Somewhere there’s an AP Lit teacher dressed as Shakespeare so that he can greet his Seniors at 6am and get them excited for learning.  Somewhere there’s a theatre teacher who just turned the lights to her classroom out at 9pm just to turn them back on at 6:30am.  As she walks to her door, she sees a student sitting there with the same hoodie he wore yesterday, the same hoodie he wears everyday, earphones in and a look of darkness and despair.  She feels herself get heavy as she approaches him, a little because she has so much to do and can’t leave students in her room unattended but more because every morning he’s waiting by her door and every morning she lets him in, only to be greeted by coldness and silence.  Today he actually speaks, just to complain he has to start a Shakespeare unit in English, why does he have to learn about a guy wrote stupid love stories over 300 years ago?  The teacher gives a passionate response that includes themes and lessons and the fact that The Baird actually has a lot of provocative innuendos for those keen enough to pick up on them.  A smile cracks his lips as other students start to filter into the room.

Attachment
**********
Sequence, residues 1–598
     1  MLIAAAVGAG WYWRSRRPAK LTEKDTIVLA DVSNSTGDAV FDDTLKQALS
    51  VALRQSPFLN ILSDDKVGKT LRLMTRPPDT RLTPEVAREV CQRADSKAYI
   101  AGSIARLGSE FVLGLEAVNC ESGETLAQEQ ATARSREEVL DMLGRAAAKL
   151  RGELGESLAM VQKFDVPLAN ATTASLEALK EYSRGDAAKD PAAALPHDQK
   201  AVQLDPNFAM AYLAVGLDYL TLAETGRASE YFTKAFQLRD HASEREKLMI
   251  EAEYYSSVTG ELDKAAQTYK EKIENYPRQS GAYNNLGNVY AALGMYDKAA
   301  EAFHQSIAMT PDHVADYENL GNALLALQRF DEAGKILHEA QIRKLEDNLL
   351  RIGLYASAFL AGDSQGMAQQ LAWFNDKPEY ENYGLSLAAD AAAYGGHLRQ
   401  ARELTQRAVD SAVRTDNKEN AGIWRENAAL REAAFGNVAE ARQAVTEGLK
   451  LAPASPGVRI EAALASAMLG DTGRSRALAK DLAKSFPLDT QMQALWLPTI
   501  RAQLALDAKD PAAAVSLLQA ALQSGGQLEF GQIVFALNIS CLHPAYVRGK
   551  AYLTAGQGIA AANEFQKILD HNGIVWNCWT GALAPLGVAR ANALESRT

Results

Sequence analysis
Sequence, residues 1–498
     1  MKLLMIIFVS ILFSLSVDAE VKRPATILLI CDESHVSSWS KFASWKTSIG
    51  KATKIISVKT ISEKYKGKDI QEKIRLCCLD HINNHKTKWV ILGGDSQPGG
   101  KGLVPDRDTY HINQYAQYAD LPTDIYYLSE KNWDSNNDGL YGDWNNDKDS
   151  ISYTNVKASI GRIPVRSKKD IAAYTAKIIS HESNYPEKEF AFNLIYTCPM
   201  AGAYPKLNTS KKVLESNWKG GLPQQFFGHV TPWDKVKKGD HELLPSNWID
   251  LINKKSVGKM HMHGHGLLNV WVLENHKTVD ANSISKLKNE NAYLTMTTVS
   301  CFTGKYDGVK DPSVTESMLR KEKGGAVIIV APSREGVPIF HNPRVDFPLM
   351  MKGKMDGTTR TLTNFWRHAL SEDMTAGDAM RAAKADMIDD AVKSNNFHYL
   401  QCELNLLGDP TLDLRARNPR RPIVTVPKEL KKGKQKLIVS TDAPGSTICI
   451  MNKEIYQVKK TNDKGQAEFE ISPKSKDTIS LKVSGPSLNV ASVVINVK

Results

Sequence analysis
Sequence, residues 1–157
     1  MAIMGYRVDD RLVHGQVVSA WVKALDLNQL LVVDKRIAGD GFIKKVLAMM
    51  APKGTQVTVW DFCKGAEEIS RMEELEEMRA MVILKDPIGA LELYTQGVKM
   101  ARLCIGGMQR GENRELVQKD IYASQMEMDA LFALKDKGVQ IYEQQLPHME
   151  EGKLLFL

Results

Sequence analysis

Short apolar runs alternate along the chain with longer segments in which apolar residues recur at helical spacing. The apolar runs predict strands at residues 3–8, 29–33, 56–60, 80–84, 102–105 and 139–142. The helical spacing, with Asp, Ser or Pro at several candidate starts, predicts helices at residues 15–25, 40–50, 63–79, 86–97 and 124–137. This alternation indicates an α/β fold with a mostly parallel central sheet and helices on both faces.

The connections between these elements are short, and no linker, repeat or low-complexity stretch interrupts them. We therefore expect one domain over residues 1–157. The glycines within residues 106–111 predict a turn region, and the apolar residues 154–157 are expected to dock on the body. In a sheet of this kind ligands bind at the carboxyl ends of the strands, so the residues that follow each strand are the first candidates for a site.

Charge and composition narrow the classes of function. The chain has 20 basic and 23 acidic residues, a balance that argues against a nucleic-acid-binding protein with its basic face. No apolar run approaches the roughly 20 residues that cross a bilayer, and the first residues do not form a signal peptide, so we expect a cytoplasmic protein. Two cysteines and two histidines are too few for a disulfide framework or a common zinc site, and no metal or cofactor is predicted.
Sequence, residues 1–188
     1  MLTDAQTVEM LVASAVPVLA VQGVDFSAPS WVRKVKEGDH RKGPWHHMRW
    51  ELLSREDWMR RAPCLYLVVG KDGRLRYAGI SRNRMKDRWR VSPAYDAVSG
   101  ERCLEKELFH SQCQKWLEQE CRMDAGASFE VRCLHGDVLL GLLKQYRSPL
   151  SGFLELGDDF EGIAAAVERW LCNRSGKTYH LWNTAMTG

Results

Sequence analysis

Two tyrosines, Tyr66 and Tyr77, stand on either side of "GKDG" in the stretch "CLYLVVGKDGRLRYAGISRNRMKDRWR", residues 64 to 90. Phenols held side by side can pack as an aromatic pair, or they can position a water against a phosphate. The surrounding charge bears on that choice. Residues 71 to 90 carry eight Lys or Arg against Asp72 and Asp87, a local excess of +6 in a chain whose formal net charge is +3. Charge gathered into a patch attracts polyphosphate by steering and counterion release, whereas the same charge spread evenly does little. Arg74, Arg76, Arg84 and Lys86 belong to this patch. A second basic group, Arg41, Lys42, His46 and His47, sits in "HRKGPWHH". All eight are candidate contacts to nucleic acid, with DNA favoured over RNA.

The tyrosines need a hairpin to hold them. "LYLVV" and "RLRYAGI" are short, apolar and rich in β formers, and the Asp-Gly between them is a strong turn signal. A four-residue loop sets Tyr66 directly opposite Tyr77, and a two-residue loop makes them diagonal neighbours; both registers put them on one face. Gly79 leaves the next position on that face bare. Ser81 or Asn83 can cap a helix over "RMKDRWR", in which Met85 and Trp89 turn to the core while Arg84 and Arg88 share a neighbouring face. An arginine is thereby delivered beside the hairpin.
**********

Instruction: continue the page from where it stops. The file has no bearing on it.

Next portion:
Ready or not, the show begins and the drama teacher puts on a 6 hour performance…. That’s what teaching is, or good teaching anyway.  You are on stage period after period giving the audience what they need and feeding off their energy to make it the greatest performance of all time.  The main difference between broadway and classroom teachers, is that every day there’s a new show with very little rehearsal time in between.  

 

After school the AP Lit teacher stops by the drama classroom to talk about the student.  He had his hoodie up and his earphones in all period, does this happen to every teacher or just him?  The AP Lit teacher goes on to explain how lively the lesson was, he was all dressed up for goodness sake.  Maybe he took it a little personal that this kid showed no interest but he was going to call home and speak with his mother.  Both teachers agreed that he should not be in AP classes if he’s not going to do the work and that his disconnected behavior is concerning.  They rang the number on file together but there was no answer.